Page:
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ECO and its future as a non-Arab regional bloc

By Abolghasem Bayyenat - posted Wednesday, 5 January 2011

The Economic Cooperation Organization (ECO), comprising Iran, Turkey, Pakistan, Afghanistan and six Muslim former Soviet republics, recently held its latest summit meeting in Istanbul, Turkey, where President Ahmadinejad handed over the rotating presidency of this regional organization to President Abdullah Gul of Turkey.

ECO is a low-profile regional economic integration organization, headquartered in Tehran, which was originally founded by Iran, Turkey and Pakistan . Following the collapse of the Soviet Union, ECO expanded its membership to the Muslim Central Asian republics of the former Soviet Union as well as Afghanistan.

ECO has so far gained modest achievements in the area of commercial and economic cooperation among its members despite a plethora of preferential commercial and economic agreements signed among its member states over the past two decades.


The three founding members of ECO act as the key players of this regional organization as most of the acceded members still remain uncertain about the benefits of deeper regional integration within ECO.

Turkey’s role in ECO is primarily driven by its interests in gaining preferential access to the markets of other member states, a fact which explains why it is the major driving force behind trade liberalization in the ECO region. Iran initially weighed political benefits from regional integration under ECO more heavily in its calculations than its potential economic gains, as it provided Iran a break from isolation by its hostile neighbouring Arab countries in the 1980s.

After the collapse of the Soviet Union, Iran has also viewed ECO as a framework for promoting its geopolitical position as a transit route for the land-locked Central Asian republics. Increased international diplomatic pressure on Iran over its nuclear program in recent years has increased the political stake of ECO in Iran’s eyes.

Two major developments are particularly noteworthy about the latest ECO summit held in Istanbul.

First, the attendance of Iraqi president Jalal Talabani as the head of a non-member state at the ECO summit was a new development for this regional grouping. Talabani’s attendance makes particular sense in light of the fact that Iraq has officially applied for membership in ECO. Membership of Iraq in ECO would mark a break from the non-Arab identity of this regional organization and would pave the way for the membership of some other Arab countries in this organization.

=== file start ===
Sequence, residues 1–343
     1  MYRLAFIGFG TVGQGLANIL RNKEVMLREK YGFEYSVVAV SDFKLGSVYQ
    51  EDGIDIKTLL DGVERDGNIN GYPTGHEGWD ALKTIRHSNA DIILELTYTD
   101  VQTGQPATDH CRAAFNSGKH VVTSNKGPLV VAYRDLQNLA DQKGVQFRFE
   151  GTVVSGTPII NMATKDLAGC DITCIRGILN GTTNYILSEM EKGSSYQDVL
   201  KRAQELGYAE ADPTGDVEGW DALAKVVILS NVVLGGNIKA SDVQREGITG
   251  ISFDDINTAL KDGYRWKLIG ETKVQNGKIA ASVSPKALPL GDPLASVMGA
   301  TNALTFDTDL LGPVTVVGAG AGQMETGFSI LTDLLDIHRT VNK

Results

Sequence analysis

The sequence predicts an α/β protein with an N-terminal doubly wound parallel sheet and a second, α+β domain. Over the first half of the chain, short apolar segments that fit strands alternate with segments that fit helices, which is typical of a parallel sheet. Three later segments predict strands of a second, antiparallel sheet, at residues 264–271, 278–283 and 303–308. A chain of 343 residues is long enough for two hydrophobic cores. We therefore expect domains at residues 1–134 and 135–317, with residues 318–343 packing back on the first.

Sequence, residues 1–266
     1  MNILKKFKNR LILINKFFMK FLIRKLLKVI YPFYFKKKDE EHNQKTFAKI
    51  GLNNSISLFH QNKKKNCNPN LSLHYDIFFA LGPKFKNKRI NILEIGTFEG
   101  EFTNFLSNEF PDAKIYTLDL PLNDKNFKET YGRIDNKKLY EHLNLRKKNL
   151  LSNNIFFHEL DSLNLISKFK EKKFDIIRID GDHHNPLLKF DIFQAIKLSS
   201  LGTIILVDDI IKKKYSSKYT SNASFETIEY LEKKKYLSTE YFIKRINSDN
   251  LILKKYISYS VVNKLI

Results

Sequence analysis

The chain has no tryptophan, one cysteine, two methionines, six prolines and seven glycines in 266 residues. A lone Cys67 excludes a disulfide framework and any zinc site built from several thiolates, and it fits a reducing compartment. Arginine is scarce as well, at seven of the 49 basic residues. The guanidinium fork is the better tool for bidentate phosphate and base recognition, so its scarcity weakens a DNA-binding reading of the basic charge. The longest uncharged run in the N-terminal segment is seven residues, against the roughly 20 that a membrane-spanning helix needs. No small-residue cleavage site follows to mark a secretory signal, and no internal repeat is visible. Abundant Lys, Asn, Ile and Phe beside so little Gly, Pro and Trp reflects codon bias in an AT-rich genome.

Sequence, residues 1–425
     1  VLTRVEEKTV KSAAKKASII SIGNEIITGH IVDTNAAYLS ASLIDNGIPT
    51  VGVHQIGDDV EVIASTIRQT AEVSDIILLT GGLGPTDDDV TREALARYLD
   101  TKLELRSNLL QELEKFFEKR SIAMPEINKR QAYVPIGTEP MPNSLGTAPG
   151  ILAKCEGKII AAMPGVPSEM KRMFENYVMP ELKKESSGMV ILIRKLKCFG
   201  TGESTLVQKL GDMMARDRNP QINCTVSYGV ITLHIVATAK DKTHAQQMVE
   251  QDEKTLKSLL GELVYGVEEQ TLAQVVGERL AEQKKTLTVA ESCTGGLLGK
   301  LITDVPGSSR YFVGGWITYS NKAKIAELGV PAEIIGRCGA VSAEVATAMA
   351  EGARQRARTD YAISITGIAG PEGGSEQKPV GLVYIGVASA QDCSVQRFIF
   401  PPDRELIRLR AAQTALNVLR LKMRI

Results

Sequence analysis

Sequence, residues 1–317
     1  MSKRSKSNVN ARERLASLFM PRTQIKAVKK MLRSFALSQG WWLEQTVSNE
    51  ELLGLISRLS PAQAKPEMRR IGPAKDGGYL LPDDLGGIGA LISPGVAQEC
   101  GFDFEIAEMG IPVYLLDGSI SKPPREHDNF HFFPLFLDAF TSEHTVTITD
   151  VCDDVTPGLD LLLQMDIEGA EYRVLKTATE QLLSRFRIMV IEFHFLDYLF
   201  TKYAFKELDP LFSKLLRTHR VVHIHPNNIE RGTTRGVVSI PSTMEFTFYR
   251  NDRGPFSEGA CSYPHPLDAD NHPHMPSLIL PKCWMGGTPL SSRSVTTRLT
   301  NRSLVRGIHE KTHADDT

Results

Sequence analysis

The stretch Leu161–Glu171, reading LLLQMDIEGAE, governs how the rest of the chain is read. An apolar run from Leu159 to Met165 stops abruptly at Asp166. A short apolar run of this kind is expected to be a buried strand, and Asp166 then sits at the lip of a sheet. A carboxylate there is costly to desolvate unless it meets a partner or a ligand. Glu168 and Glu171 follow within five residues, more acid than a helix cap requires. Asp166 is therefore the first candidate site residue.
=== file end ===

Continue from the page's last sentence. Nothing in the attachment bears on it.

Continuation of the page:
In light of the geographical interconnectedness of Iraq with other key ECO member states, ECO would serve as a natural setting for the regional economic integration of Iraq . Iraq’s integration within a non-Arab regional bloc may ring the alarm bell for conservative Arab sheikdoms in the Persian Gulf region as it highlights further alienation of Iraq from these countries due to their antagonistic policies toward the post-conflict democratic Iraq and their reluctance to accept Iraq in the (Persian) Gulf Cooperation Council.


Regardless of regional reactions , by seeking membership in ECO, Iraq has taken a major step in using regional capacities to promote its national interests.

The second major development highlighting the latest ECO summit in Istanbul, is the continued lukewarm attitude of most Central Asian republics toward deeper economic integration within ECO, as demonstrated by their low-level presence at this meeting. Apart from Azerbaijan and Tajikistan, none of the remaining Central Asian members of ECO participated at the head of state level in this meeting.

This fact just further highlights these countries’ uncertainties about potential economic gains from deeper economic integration in the ECO region. Their lukewarm attitude is driven by their fear that deeper economic integration, promoted as the main objective of ECO, would leave their domestic markets at the mercy of the more competitive producers of key ECO member states, primarily those of Turkey and to a lesser extent Iran and Pakistan.

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About the Author

Abolghasem Bayyenat is an independent political analyst and is currently completing his Ph.D studies in political science at Syracuse University. His articles and commentaries have appeared in a dozen of newspapers and online journals. He has also recently launched his weblog Iran Diplomacy Watch, where he will be covering Iran’s foreign policy developments on a regular basis.

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